Latifi explains "big mistake" behind "hero to zero" Hungary F1 qualifying – Autosport

The Canadian set the fastest time in the wet-but-drying FP3 session with a late run on intermediate tyres that put him 0.661s clear of Charles Leclerc’s Ferrari, with the second Williams of Alex Albon in third.
It marked the first time a Williams had topped an official timed session at a grand prix since Monza in 2017.
But Latifi, who said he’d hoped the rain would cause disruption to qualifying rather than FP3 after “we saw yesterday we were absolutely nowhere in the dry”, was unable to replicate those heroics in qualifying and ended up in 20th position.
He fell at the first hurdle, despite setting a purple first sector, when he lost time in the final corner – thwarting a lap he believed would have been good enough to get him into the fight for Q2.
Albon also was eliminated in Q1 in 17th position.
Asked by Autosport to reflect on his rollercoaster day, Latifi said: “It would have been just on the cusp of Q2, I think the last corner I made a big mistake.
“It is a tailwind into that corner, so I don’t know if I had a big gust of tailwind difference to the first lap.
“The first time I had quite nice support from the rear and the second lap I turned in and completely lost it.
“We know our car is still extremely sensitive in that area, arguably more with the new upgrade package.
“It’s frustrating to go from… I mean that’s literal ‘hero to zero’.”
Latifi was disappointed that the rain which aided his cause in FP3 had dried up for qualifying
Photo by: Glenn Dunbar / Motorsport Images
Latifi said he had been “pleasantly surprised” to lead FP3, and described it as “a moral victory”.
“Even before going P1 I was feeling quite good, I just wasn’t able to get a proper lap on the board up until then,” he said.
“It wasn’t by fluke, everyone was doing lap times at the same times, at the same track conditions, so we’re obviously getting something right as a team there.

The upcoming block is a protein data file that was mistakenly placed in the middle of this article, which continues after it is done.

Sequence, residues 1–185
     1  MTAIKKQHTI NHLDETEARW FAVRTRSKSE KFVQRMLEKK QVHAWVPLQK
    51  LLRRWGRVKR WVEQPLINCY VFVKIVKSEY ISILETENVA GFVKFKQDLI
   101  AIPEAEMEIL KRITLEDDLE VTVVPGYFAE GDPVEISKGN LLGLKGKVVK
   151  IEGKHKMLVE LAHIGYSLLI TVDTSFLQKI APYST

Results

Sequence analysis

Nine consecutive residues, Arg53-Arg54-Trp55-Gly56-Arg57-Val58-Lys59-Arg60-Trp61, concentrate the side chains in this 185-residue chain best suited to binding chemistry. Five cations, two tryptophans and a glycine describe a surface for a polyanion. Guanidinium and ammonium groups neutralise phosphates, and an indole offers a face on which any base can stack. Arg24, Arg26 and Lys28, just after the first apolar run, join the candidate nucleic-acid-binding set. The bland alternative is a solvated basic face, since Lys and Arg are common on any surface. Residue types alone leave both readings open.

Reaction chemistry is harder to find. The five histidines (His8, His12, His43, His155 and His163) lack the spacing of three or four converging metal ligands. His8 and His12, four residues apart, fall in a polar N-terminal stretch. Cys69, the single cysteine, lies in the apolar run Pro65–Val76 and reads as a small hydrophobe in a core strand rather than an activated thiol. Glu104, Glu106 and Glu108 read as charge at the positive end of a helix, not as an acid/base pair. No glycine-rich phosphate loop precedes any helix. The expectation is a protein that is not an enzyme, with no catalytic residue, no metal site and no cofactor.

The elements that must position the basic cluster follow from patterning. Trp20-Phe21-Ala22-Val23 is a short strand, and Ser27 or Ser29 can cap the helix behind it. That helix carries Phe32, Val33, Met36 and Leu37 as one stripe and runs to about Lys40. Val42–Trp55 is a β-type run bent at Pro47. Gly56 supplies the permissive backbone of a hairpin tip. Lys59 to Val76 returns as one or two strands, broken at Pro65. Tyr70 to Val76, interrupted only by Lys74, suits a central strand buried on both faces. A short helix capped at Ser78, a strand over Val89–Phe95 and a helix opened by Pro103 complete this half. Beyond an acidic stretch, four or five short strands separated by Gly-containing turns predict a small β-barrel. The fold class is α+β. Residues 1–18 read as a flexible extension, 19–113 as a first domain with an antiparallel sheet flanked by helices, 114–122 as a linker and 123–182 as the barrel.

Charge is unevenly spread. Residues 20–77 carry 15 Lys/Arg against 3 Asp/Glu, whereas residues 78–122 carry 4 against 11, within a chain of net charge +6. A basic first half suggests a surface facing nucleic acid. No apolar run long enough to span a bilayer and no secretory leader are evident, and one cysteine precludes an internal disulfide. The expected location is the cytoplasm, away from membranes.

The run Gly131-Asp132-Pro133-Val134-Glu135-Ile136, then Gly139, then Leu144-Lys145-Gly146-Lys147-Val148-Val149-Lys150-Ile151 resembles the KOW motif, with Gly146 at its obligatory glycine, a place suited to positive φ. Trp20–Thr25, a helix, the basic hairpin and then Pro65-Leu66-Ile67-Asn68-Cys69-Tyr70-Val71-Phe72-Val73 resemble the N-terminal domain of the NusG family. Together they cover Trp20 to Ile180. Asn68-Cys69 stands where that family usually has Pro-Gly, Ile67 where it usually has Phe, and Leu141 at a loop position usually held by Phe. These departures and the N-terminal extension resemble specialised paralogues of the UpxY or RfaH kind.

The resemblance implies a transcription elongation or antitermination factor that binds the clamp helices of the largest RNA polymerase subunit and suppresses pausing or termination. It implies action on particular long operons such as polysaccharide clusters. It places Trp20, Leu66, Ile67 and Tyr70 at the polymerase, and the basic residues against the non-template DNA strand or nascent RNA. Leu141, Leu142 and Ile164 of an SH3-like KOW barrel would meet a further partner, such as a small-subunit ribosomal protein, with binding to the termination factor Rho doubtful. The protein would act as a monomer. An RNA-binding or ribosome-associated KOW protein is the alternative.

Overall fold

“And I’m clearly not a bad driver, I mean you still have to drive the car in the wet and it is still very difficult to drive, so it was a nice moral victory for sure, moral boost.”
In dry conditions, Latifi said he had accepted it would not be possible to challenge at the sharp end again in qualifying due to the aerodynamic limitations of the FW44.
“We’re lacking a lot of downforce, there’s no secret about that,” he said.
“We’re very quick in the straights, and we have all the downforce we have on the car. So we’re quick enough because our car is efficient in a straight line, but because we’re lacking downforce!
“I was still pretty surprised to hear I had a purple sector one.
“But ultimately at this track all the laptime is done in sector two and three, that’s where it’s important.”
Nicholas Latifi, Williams Racing
Photo by: Carl Bingham / Motorsport Images
Latifi thinks that Williams has made “a step forward” compared to the Spanish Grand Prix, the last permanent venue where all F1 teams used high downforce set-ups, but believes there is still much progress to make.
“Last time everyone had to put high downforce on a normal track was Barcelona and we were way off, here even with the upgrade package arguably maybe a bit closer because it would have been just around Q2,” he said.
“But we’re still not where we want to be. It’s frustrating, we know where we have to improve, and that’s all there is to it.”
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